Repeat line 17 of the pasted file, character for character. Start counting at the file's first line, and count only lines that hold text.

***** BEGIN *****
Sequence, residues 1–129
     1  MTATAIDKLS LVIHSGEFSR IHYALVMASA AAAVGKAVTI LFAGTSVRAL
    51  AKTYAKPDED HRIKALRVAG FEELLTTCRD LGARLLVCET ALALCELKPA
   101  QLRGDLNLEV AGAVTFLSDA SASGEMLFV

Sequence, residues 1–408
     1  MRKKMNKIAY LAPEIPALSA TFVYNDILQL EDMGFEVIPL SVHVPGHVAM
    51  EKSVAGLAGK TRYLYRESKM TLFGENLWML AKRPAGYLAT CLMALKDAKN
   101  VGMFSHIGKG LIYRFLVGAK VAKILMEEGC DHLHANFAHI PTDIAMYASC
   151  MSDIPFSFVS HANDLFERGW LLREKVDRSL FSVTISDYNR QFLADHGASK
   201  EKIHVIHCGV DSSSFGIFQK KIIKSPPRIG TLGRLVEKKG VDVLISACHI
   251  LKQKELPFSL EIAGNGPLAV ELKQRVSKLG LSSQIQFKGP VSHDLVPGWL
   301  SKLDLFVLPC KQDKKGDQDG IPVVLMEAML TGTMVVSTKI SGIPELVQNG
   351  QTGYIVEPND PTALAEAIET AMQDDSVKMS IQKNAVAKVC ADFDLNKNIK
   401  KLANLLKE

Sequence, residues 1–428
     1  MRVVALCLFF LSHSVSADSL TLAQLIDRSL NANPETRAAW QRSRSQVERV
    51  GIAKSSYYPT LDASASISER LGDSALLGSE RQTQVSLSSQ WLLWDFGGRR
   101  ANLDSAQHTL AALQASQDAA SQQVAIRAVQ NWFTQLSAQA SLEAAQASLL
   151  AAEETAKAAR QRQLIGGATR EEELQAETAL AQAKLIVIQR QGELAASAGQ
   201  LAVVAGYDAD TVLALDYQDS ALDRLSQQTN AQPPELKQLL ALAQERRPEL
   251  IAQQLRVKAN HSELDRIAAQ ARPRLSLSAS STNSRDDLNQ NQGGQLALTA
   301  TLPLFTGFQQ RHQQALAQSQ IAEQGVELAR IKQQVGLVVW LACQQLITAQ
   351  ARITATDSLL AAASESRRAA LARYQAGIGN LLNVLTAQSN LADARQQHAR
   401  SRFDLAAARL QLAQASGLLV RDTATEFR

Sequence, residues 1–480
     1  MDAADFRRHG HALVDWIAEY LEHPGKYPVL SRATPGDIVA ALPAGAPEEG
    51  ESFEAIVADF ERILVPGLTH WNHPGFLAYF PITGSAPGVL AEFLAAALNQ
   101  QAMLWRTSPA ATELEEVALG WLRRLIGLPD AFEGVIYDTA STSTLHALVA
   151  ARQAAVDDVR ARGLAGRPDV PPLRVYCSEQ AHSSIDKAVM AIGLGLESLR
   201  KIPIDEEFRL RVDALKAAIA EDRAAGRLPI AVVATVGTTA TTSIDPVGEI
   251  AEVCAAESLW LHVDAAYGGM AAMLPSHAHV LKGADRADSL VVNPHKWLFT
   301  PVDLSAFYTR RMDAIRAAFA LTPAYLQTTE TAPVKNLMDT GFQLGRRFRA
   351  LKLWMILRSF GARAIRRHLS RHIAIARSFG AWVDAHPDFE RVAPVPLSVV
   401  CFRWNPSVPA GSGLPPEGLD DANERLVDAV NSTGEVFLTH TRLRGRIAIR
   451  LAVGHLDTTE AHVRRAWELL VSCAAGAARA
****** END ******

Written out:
    51  GIAKSSYYPT LDASASISER LGDSALLGSE RQTQVSLSSQ WLLWDFGGRR